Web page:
Genuine listening is hard work; there is little about it that is mechanical…  We hear with our ears, but we listen with our eyes and mind and heart and skin and guts as well.–Alfred Benjamin

Hearing versus Listening. Do you consider them to mean the same thing? We’re here to share how and why they are very different.

We hear things without any effort or thought. In reality, most of us have the ability to tune out what we view as distractions or if we view the information as inconsequential. Listening on the other hand requires focus, and in general includes being attentive to what is being said and processing the message with the intent to understand (and in most cases we’re interested).

It’s been reported that words represent only 7% of what we “hear”, that volume, pitch, rhythm, and tone account for 38%, and that facial and body language represents 55%. No wonder it takes energy (and focus) to be an active listener.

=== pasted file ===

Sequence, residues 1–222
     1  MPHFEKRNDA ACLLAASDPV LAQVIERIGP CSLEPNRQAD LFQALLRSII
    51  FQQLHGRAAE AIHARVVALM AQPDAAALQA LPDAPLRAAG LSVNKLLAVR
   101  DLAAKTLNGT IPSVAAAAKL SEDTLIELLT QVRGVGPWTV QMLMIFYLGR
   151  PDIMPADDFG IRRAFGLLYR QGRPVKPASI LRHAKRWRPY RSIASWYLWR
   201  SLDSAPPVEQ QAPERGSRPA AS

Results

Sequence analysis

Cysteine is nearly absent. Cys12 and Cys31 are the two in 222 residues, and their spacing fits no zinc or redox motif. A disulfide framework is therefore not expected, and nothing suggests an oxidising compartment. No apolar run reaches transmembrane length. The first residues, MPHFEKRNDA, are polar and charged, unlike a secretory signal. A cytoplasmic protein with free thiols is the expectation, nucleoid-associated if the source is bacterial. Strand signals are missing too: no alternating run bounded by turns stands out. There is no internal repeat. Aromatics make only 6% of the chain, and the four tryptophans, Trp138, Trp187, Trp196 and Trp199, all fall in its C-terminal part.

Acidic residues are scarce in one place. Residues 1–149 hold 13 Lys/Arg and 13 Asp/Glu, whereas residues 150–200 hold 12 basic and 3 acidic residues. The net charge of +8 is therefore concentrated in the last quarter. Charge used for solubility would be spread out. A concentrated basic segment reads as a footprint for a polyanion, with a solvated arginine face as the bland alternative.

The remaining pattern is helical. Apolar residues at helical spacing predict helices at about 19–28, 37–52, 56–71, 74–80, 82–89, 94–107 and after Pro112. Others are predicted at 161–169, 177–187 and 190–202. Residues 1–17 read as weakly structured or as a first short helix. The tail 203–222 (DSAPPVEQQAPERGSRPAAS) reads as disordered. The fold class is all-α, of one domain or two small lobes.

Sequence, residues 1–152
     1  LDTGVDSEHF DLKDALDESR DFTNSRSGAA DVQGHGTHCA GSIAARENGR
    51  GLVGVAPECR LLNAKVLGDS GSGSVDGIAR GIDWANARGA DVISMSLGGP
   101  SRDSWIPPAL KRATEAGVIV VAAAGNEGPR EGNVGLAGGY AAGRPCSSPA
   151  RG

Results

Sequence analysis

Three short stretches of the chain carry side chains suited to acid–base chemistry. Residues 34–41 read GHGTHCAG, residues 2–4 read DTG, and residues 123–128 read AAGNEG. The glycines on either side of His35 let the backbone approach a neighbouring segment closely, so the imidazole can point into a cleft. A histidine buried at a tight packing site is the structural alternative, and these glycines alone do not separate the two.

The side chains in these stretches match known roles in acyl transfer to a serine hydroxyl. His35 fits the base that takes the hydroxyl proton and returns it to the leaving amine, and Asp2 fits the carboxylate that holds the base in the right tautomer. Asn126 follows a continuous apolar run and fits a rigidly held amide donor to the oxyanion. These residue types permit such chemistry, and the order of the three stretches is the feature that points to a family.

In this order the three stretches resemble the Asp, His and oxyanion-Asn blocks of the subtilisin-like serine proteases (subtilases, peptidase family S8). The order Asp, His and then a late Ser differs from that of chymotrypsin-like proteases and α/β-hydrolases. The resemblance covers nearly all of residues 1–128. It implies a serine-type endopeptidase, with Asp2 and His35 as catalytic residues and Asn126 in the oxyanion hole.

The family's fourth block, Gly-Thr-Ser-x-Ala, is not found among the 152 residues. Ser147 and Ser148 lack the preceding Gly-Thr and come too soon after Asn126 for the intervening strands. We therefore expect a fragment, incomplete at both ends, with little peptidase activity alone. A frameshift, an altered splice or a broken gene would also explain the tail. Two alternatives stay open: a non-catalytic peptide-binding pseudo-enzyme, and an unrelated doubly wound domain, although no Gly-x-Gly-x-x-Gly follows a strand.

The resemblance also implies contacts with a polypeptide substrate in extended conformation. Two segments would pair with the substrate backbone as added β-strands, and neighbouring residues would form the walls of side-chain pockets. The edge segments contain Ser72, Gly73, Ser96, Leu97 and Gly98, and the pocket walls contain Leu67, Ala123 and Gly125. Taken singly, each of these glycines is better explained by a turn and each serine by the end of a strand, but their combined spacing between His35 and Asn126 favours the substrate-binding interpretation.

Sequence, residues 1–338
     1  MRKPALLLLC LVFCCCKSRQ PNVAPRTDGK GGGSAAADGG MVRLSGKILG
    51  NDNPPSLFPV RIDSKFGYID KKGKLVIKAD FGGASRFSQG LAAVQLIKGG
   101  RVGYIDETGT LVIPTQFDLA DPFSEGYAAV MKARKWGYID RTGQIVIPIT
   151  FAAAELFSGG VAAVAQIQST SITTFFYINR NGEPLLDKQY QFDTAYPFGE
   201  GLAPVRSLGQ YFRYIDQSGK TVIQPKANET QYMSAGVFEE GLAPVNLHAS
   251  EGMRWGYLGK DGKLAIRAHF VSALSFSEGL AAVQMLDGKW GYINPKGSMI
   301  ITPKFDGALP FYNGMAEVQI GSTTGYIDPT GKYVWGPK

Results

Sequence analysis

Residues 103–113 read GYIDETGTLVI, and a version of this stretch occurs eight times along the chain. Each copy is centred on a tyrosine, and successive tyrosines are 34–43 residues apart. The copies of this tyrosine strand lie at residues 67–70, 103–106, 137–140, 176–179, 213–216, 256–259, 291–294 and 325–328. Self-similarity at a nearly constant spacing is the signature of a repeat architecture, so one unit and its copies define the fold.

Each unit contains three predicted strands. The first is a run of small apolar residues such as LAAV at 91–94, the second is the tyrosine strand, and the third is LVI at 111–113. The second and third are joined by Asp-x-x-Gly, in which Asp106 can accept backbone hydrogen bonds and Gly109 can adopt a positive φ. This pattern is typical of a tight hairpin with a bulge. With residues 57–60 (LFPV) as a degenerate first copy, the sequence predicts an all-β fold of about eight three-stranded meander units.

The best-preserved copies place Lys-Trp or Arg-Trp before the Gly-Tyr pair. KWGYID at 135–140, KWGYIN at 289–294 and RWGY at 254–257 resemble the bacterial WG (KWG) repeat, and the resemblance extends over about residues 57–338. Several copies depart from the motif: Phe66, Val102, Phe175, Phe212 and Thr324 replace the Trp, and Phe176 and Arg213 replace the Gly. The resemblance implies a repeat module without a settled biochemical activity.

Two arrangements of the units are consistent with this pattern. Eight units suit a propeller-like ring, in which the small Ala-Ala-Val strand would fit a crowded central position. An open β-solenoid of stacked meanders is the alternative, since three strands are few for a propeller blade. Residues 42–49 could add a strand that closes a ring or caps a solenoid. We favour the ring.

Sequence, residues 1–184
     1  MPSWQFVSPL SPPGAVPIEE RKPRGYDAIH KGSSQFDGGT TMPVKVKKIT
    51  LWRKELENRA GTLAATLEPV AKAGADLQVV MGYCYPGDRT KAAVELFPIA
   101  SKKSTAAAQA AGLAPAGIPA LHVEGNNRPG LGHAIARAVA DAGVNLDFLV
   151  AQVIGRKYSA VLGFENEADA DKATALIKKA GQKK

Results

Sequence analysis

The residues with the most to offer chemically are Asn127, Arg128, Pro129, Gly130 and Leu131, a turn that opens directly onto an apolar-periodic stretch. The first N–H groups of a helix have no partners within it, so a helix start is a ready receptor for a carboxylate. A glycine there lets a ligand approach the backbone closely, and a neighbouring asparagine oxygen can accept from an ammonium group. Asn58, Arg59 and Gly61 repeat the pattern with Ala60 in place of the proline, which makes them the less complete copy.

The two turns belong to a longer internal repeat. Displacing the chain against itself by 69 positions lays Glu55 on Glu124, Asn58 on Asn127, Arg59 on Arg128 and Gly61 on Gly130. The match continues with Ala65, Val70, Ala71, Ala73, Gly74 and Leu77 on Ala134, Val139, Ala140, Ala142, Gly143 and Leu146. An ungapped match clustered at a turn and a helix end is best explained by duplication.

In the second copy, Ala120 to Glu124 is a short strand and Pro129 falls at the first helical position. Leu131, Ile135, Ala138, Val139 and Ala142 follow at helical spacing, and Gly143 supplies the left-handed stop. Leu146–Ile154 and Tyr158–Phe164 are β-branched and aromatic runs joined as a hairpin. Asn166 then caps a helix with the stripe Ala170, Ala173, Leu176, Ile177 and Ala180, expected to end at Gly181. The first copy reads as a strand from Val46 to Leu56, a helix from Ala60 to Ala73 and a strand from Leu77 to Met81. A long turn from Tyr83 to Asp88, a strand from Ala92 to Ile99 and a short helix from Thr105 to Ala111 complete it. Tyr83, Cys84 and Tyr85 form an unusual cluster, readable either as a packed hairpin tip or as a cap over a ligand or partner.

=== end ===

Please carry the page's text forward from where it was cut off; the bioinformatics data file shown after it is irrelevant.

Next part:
Below are some reminders for improving our listening skills:

  • No interrupting
  • No multi-tasking
  • Be aware of body language, expressions, and tone
  • Listen for underlying meanings
  • Be open to differing views
  • Retain eye contact (this helps with attention levels)
  • Don’t suggest words or finish sentences when a pause occurs
  • Don’t solve or judge
  • Ask probing questions to obtain clarity and recap what you think you’ve heard

Something else to be aware of is “selective” listening. Are there individuals that you seem to always be fully engaged with and others that you have the inclination to “tune out”? Does the “deliverers” age, skill, gender, title, general demeanor affect your ability (and desire) to be an active listener? What else de-rails your ability to listen?

Awareness is key. Pay attention to your “non” listening behaviors ex. pencil tapping, raised eyebrows, blank stares, “zoning” out, making shopping lists, etc. If you have a “history” of losing focus with a particular person, make an extra effort to be attentive.

Do you have any other tips to improve one’s ability to be an active listener?

Man’s inability to communicate is a result of his failure to listen effectively.–Carl Rogers